Two Poems

by Anna Weaver

Sunburst in snowy Forest

a flatlander forgives the trees

Not all trees, mind you. There is no call
here in the South for general absolution

for that which blocks my beloved sky.
Certainly not the longleaf or loblolly, which vainly

allow only a thin strangle of stars over Carolina
highways. And not the bald cypress, their covetous

ranks concealing the flat relief of marshes
and blocking from view the divine rising confetti

of egrets. Also not the littering sweetgum, the sycamore,
or the sugarberry—each over-tall and unrepentant.

No hope for any of those. But here on this cloudless
day in Savannah, a boulevard of live oak

might draw upward a face flushed and grateful
for the gentling of sunshine. Summer heat once wicked,

bows penitent. Spanish moss trails low enough to anoint
the foreheads of local folk and traveler alike.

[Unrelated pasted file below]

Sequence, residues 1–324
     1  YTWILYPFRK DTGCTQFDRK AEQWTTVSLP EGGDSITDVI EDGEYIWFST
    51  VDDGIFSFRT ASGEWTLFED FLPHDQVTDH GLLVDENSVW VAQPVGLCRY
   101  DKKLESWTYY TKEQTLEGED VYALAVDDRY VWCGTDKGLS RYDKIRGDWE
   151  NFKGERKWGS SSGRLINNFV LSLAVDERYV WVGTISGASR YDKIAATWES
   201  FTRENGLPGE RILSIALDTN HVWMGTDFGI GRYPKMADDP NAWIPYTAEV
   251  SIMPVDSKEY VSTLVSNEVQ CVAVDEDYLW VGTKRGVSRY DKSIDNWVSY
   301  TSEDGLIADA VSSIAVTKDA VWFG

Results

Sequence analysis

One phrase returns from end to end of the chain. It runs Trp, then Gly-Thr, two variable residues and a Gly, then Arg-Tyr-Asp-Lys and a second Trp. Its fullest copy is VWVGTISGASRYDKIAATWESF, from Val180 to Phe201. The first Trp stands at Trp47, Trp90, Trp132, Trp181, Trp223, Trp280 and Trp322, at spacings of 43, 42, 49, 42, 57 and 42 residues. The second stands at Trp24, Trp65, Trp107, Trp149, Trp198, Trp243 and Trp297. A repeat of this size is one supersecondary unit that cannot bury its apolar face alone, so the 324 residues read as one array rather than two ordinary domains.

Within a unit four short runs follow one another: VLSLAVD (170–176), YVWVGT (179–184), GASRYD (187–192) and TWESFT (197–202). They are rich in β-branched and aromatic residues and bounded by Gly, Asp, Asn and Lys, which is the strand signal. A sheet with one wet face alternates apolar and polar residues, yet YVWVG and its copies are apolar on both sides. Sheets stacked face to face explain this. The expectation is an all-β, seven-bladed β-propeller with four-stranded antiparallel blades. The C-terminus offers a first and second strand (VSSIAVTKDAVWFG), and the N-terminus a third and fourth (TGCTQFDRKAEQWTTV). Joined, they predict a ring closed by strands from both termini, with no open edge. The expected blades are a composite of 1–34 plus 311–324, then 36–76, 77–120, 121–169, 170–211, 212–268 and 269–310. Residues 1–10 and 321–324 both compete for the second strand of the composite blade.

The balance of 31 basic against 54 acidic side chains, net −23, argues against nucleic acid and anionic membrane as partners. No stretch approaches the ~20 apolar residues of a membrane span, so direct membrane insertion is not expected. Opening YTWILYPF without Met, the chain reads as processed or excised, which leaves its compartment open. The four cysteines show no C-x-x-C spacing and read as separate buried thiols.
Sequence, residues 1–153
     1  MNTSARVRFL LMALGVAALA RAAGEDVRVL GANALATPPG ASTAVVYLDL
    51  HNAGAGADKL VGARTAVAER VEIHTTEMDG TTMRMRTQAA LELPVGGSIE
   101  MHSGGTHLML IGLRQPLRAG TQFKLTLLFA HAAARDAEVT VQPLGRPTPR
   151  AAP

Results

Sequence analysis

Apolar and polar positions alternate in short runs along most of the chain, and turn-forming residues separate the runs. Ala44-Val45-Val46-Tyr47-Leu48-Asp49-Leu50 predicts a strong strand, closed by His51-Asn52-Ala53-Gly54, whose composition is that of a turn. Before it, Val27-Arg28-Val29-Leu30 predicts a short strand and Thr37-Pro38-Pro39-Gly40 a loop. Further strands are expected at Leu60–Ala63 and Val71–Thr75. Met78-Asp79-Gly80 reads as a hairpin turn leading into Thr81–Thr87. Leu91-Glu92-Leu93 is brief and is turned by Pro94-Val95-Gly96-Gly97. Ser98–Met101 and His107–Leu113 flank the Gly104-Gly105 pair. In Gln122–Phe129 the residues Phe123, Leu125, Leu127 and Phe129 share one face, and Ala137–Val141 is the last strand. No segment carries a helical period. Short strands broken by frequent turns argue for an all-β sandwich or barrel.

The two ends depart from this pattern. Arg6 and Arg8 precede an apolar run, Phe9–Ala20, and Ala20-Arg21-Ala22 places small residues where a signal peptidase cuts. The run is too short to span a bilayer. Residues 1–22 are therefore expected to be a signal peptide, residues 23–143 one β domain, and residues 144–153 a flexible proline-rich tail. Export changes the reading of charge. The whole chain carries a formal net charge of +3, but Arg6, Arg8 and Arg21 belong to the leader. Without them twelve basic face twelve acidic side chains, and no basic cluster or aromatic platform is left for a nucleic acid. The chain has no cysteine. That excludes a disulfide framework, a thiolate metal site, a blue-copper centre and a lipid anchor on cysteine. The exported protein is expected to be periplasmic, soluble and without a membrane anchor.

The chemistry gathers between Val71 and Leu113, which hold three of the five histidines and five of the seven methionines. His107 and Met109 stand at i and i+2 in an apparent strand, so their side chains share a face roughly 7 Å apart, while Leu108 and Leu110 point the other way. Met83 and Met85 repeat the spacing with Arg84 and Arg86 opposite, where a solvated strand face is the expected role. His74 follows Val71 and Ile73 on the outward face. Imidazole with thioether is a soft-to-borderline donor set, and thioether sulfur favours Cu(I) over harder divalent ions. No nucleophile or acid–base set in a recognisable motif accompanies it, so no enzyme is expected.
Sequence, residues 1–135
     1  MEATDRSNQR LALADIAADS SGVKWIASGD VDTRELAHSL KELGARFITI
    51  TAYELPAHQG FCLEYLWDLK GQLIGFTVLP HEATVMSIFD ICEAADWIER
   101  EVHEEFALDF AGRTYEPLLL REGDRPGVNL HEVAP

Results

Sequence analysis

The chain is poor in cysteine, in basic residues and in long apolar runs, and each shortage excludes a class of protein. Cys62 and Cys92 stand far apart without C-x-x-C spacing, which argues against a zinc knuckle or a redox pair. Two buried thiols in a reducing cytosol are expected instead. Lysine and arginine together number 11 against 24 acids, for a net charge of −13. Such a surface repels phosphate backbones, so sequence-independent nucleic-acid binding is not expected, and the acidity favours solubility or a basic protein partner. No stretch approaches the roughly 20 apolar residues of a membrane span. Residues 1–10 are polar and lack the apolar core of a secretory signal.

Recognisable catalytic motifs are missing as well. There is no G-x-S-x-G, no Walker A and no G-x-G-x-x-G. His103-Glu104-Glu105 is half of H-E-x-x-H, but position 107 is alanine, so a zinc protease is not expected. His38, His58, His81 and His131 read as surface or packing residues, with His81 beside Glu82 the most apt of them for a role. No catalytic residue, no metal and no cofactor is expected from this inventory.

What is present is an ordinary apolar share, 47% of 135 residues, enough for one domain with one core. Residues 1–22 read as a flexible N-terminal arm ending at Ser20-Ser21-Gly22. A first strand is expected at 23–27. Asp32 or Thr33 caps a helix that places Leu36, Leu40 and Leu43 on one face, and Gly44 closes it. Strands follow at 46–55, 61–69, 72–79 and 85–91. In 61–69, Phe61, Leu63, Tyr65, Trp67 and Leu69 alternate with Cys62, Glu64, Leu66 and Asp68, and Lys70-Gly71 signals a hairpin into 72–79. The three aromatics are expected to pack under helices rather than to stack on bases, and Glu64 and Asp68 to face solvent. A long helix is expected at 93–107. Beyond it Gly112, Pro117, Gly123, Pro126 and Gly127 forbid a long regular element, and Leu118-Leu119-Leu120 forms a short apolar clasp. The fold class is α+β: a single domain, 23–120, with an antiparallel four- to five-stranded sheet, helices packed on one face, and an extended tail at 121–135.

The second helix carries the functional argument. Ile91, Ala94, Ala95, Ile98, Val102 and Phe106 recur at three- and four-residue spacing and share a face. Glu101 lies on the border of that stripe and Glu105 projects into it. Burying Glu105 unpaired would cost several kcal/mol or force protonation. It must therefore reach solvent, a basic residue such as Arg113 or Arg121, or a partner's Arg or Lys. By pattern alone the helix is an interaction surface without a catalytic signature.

And there—framed like stained glass between branch
and leaf and winking in the charitable breeze—

a flash of blue blesses the eye and returns
the beholder to her natural state of grace.


keening

they come like animals
some fleeing some fighting
full wingspan words
live born of me and howling

once for the cat when
the needle went in
his neck flexed then soft
doll-eyes floating away
on some dead sea

and again when the baby
came after the long countdown
a loud wet thing suddenly
outside my body

this time for you
for the last untangling
of hands
the crucible
of letting go

now as before cue
the peace of being hollow
of walking away empty
as a vessel

cue me as cupped hand
as upturned face
mouth open
waiting for rain


Raised in Oklahoma, Anna Weaver lives in North Carolina with her two daughters. Her poems have appeared in Connotation Press, One, O-Dark-Thirty, and other journals, anthologies, and once on coffee bags (no, really). A self-described open mic tourist, she has performed in 20 states and the District of Columbia.

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